Dropping your kiddies off at the Cineplex isn’t as simple as one might think, at least if you pulled the lever for Sen. John McCain just a few short months ago.
Sure, that 90 minutes of peace and quiet might be bliss for a frazzled parent, but you never know what messages are being sent to your young ones.
Today’s kid-friendly features often warn children about global warming or the evils of the U.S. military.
It’s all part of the entertainment industry’s preferred way of getting its message out. Don’t debate. Lecture. And if you can brainwash the kiddies before they can make up their own minds, all the better.
It’s no surprise that actors often talk politics before hefting their trophy du jour at various award shows. What chance do they have of being challenged during that 90-second span?
But the children should be off base for the industry’s thought police. No such luck.
The latest message blast comes courtesy of Battle for Terra, a 3-D animated feature with the kind of science fiction dazzle sure to draw in the kiddies.
The PG film pits a peaceful alien population versus invading Earthlings. The latter used up all the resources on their own planet and destroyed two others with their war-like ways.
The key villain is — what else? — a very American looking general who quotes from the Bible.
Another recent 3-D animated feature, Monsters vs. Aliens, also blasted the military via a character dubbed Gen. W.R. Monger.
That one might go over the kiddies’ heads, but the other military swipe won’t. The general and his military pals cruelly hold the titular monsters in prison until they’re needed to save the day. All the film needs is to name drop Gitmo and the effect would be complete.
But Monsters vs. Aliens, a generally entertaining 90 minutes, is tame compared to other, recent, kiddie productions.
The popular sequel Ice Age: The Meltdown (2006) revolves around — what else? — global warming. Who cares that, according to liberal dogma, man is responsible for global warming, not a friendly mammoth and his furry pals?
Movie critics like Roger Ebert cheered the Al Gore-approved content.
“If kids have been indifferent to global warming up until now, this Ice Age sequel will change that forever.”
Don’t think that escaped the film’s creative team.
Last year’s highly touted Wall*E, Pixar’s latest animated wonder, delivered a heaping helping of anti-consumer claptrap alongside a robot love story.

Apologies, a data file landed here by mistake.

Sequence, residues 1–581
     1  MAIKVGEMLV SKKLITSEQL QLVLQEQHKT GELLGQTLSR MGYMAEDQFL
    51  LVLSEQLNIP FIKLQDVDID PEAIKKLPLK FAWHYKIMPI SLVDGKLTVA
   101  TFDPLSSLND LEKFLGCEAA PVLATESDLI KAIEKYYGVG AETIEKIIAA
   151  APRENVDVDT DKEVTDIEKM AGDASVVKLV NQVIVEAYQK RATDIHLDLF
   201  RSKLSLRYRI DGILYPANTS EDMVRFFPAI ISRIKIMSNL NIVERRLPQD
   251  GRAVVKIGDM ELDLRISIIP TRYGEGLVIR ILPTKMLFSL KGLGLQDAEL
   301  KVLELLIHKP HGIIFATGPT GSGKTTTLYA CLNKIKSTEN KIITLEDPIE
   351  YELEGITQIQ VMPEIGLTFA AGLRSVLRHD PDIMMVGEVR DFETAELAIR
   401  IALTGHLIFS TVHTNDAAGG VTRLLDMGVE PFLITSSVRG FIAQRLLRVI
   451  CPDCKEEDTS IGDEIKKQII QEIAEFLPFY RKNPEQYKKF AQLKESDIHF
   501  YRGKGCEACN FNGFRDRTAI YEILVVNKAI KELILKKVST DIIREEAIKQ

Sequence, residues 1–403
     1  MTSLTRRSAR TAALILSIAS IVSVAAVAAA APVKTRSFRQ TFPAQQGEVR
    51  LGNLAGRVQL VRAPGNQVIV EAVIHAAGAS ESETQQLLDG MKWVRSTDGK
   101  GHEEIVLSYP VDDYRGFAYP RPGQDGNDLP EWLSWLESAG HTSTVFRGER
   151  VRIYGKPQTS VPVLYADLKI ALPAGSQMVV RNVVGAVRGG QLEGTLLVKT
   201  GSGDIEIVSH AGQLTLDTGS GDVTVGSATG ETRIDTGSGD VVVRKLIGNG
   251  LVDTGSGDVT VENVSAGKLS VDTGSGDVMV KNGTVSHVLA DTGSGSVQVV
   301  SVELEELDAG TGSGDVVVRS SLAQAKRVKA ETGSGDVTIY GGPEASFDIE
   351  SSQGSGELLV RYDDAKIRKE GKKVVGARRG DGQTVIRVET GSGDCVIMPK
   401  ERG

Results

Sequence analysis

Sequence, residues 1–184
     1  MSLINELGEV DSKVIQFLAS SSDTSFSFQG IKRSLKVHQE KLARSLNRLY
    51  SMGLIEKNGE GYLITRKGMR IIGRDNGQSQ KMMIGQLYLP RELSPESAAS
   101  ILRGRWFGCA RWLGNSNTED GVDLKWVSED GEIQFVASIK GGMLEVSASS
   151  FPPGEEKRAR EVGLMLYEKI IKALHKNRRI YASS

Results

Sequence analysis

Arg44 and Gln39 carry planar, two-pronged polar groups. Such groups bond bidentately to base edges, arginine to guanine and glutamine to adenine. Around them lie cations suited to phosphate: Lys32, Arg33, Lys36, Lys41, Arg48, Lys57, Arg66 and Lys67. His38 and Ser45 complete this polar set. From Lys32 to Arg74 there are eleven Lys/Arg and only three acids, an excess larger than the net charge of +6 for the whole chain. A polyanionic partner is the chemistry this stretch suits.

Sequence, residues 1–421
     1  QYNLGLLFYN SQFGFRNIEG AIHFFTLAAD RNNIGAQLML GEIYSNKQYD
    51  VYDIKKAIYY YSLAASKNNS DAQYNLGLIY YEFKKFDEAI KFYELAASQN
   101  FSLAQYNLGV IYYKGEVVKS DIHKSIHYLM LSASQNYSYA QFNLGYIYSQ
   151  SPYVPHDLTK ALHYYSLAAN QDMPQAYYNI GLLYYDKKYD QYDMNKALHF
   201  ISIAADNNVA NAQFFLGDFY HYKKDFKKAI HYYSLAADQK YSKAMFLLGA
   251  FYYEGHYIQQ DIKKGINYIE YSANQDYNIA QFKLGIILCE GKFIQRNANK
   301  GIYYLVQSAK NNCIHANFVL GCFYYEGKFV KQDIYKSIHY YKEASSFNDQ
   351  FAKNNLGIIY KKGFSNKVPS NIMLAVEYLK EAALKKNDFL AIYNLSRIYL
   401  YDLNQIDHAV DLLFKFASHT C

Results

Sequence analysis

Our lonely hero, a trash robot named Wall*E, has been left behind on the garbage dump once known as planet Earth. The planet deteriorated thanks to consumerism gone amok, so young viewers got their capitalistic smack down on top of the usual recycling mantra.
Naturally, the folks behind the movie hoped you’d buy every Wall*E T-shirt, toy and coffee mug, but the hypocrisy of the film’s promotional efforts were likely lost on the young viewers.
The folks behind the movie couldn’t explain away said hypocrisy when a British paper nailed them on their confusing motives.
The liberal-infected children’s fare isn’t limited to the big screen.
Perhaps the worst offender is a new DVD collection called School House Rock: Earth. The original “School House Rock” is a beloved series of cartoon shorts teaching students about Congress, adverbs and other educational staples. Just mention the shorts to anyone between the ages of 35 and 45 and you’ll quickly see a grin appear.
Now, the new batch of “School House” songs sing about carbon footprints. Had the videos stuck to recycling efforts and ways to protect the earth, that wouldn’t be a problem. But given the growing skepticism regarding global warming among intellectually honest scientists, it’s hard to see the videos as anything but propaganda. And it‘s all of it aimed at young minds not equipped to discern what’s true, and what’s hogwash.
You don’t wanna be a “Carbon Sasquatch,” do you kids?
The DVD also rails against buying imported food, another burning issue for today’s preteens.
The cable channel Noggin is also working the liberal beat, preparing bite-sized celebrations for President Barack Obama’s ascension to the White House.
What’s patently obvious is that the channel would likely ignore the historical implications had Gov. Sarah Palin become the first female vice president.
Not to be outdone, Nickelodeon recently bestowed Leonardo DiCaprio with its first Big Green Help award during its annual awards presentation.
The most insidious thing about kiddie propaganda is that children routinely watch their favorite shows and movies again … and again. It’s how developing minds work. They often fixate on a story or show and love nothing more than watching it on an endless loop.
That means the messages within the stories they embrace have a better chance of burrowing in.